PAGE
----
Pulmonary Tuberculosis in General Practice

By Andrew Morland, M.D., M.R.C.P. Pages I–VII, 1–119. John Dale Sons and Danielson Ltd., 83–91. Great Titchfield St. W. I., London, 1933

L. C. Scott
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Both of these booklets belong to a series, the “Pocket Monographs in Practical Medicine,” a number of which have already been published and one reviewed in these pages.

Moreland's monograph is excellent, brief and concise and contains all the practical suggestions for the practitioner which are of importance in guiding in the diagnosis and therapy of tuberculosis in whatever stage. It has been read with real interest and attention without finding anything except perhaps the brevity that warrants criticism.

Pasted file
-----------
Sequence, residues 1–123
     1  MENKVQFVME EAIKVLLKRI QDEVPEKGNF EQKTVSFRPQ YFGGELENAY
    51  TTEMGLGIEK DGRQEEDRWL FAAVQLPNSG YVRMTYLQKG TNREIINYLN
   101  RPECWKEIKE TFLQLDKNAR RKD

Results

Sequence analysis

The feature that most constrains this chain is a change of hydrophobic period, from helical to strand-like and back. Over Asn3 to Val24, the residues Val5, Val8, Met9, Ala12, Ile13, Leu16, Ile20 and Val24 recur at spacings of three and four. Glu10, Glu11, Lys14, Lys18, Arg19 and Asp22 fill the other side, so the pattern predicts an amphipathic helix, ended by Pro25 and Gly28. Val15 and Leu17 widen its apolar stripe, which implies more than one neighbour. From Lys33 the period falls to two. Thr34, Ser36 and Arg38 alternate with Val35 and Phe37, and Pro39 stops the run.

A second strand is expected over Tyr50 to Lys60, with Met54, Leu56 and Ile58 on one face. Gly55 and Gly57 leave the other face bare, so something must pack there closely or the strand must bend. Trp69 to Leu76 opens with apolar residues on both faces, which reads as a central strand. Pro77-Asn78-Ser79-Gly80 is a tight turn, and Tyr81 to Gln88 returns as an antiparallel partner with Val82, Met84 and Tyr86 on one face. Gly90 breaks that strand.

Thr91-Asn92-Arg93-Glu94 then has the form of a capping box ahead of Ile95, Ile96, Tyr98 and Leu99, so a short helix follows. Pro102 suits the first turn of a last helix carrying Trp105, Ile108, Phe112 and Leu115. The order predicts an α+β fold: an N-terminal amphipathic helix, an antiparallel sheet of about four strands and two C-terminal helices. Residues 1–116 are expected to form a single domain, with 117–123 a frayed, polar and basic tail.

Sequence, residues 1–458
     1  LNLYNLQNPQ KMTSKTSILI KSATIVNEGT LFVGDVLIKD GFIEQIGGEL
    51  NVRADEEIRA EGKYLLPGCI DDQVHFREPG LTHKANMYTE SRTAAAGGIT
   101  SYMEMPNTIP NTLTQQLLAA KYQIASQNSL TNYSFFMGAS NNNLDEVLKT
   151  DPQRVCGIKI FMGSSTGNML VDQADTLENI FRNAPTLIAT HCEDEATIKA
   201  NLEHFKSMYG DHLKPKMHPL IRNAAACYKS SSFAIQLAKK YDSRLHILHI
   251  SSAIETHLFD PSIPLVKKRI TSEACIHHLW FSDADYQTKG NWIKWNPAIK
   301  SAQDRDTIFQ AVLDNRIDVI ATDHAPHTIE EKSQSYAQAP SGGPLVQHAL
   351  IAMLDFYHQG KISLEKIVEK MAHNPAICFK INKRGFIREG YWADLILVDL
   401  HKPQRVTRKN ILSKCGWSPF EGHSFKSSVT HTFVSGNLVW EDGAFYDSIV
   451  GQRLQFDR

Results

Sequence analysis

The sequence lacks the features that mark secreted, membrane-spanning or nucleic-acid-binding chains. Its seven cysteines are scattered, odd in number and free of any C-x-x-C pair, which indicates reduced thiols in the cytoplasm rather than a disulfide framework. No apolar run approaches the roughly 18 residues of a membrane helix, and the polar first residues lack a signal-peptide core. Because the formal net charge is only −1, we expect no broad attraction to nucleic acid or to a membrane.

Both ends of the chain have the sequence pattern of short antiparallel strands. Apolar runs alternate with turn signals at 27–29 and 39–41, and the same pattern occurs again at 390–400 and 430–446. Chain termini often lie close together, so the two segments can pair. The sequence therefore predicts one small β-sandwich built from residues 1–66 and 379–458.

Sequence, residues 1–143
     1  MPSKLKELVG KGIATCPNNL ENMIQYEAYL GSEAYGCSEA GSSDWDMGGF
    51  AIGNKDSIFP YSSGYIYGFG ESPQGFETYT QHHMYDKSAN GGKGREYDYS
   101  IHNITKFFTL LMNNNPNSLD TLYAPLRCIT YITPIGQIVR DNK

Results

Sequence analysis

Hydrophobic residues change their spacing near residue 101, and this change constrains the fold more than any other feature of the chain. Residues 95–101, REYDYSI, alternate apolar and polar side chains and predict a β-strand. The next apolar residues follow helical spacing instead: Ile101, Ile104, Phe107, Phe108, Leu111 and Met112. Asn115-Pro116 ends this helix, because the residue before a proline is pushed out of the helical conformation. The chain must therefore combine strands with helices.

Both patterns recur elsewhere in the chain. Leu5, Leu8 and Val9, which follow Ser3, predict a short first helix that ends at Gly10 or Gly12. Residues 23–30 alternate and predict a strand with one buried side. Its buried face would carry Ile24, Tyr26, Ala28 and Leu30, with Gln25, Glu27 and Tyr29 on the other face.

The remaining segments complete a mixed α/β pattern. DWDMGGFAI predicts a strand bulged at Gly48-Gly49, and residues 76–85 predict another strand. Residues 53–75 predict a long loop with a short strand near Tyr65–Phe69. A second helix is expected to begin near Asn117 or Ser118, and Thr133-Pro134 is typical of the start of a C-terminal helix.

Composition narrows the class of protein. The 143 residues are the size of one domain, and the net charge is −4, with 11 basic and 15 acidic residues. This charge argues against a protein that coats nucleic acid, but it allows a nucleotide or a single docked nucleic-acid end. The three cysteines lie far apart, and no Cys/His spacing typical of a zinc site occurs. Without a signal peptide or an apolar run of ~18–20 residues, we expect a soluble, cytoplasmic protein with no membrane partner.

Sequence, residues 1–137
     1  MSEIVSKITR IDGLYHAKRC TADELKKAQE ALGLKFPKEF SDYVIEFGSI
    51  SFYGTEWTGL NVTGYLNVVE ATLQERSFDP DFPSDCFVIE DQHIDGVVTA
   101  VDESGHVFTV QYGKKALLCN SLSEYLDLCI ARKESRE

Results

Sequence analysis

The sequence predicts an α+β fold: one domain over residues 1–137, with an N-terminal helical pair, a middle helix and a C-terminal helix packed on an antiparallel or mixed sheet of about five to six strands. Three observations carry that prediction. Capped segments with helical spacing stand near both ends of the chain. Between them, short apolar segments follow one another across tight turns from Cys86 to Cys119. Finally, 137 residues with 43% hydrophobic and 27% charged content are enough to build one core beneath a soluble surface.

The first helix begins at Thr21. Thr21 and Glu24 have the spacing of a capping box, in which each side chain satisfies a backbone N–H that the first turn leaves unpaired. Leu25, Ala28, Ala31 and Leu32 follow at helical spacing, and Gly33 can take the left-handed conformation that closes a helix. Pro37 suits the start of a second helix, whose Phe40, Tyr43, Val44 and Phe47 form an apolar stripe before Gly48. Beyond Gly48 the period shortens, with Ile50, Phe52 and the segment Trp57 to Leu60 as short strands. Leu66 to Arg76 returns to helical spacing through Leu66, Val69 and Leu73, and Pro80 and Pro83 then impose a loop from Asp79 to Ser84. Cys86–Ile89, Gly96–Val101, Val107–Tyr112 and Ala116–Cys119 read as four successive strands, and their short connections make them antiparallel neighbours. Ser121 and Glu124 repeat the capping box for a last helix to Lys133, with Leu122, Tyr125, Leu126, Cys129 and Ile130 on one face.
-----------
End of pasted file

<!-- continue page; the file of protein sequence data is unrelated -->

The booklet written by Morson is restricted to infections of the kidney and bladder and deals more especially with the causation and therapy of pyelitis. Tuberculosis of the kidney and origin of the bacillary invasion of this organ are considered in more or less detail. Perhaps the rôle of the gonococcus is ignored because the author considers the subject too extensive for the scope of the book, or that it pertains in sensu strictu to the province of venereology.

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